A statutory defence is available under the terms of subsection 8 of the Act. This applies only to offences under subsection 1 or 2. This states that it is a defence for a person charged to prove that they ‘exercised all due diligence and took all reasonable precautions’ to comply with the Act. The phraseology of the statute makes it clear that this defence involves reversing the burden of proof (unusual in the criminal courts). This means that it will be for the employer to prove the statutory defence to the civil standard (on the balance of probabilities).
The offence is summary only, which means that it can be tried only in the Magistrates Court; but the penalties could be extremely onerous for an individual or company as the sentencing powers of the Magistrates under s31 involve the imposition of an unlimited fine.
The enforcement policy in respect of both Civil and Criminal enforcement is set out in a 1998 Policy document published by HMRC.
The policy emphasized that HMRC’s focus will be on cooperation and compliance enforced by civil means and that criminal sanctions will be reserved for:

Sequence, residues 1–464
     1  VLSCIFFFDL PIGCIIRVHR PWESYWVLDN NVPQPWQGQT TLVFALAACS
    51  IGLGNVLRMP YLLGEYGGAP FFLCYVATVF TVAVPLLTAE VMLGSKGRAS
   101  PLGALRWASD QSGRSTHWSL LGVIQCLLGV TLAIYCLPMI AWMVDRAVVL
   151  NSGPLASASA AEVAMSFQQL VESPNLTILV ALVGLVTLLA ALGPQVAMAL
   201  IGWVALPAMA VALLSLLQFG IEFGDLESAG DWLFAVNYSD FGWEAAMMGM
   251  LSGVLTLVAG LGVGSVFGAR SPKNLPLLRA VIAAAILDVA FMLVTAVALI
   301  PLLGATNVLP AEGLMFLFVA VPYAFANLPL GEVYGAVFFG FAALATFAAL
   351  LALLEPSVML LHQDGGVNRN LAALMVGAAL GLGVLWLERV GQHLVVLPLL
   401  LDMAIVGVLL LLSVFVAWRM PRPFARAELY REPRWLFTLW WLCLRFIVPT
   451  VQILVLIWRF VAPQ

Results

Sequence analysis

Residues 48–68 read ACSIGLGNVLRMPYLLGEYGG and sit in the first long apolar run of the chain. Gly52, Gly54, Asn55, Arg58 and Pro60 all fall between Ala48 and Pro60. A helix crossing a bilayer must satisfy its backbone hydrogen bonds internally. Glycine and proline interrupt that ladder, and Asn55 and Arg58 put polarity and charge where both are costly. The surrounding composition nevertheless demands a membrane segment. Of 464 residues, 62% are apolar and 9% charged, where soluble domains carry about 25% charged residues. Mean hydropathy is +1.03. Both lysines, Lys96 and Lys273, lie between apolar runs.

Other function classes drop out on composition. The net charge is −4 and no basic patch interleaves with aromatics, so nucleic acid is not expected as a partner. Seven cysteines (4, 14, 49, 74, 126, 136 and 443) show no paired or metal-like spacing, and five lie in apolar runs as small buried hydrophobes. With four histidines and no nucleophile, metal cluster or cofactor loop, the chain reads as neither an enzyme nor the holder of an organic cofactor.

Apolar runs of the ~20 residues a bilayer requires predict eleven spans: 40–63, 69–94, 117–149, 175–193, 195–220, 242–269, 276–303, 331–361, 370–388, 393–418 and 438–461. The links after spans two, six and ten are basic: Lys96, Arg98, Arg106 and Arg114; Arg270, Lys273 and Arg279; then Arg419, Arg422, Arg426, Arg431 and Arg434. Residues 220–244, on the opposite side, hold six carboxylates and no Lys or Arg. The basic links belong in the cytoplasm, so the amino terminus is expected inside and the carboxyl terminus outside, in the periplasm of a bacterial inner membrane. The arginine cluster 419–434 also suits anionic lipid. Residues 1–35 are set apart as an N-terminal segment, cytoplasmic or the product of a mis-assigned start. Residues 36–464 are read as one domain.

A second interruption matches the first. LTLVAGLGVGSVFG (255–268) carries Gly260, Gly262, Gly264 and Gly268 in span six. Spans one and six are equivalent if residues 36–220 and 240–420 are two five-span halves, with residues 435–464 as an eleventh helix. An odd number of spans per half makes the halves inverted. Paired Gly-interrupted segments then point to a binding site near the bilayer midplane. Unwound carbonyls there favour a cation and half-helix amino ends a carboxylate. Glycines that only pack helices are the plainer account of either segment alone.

the small minority of employers that are persistently non-compliant and refuse to cooperate with compliance officers, criminal investigation is appropriate.
HMRC have made it clear that they will pursue a policy of ‘selective’ criminal investigation as their enforcement strategy. This means that only the most serious cases will be investigated criminally as a method of trying to ensure voluntary compliance.
Small businesses not exempt
HMRC have emphasized that they will focus their effort of employers who “deliberately disregard” the Act. This means that the size of the default will not be a determining factor over whether to institute criminal proceedings. The focus is rather on repeat, persistent or serious offenders. The policy states that prosecutions will be used to:
send a clear message to other would-be recidivist employers that non-payment of minimum wage or a failure to keep records is not a risk-free occupation.
It therefore appears that prosecution will be considered irrespective of the size of the business, rather HMRC will be concentrating on the persistence of the offenders and their attitude towards compliance. This means that small business will not be able to ‘fly under the radar’ for criminal prosecution if their compliance attitude is poor.
Selection criteria for Prosecution
It is interesting that HMRC have chosen to publish selection criteria for prosecution. This states that: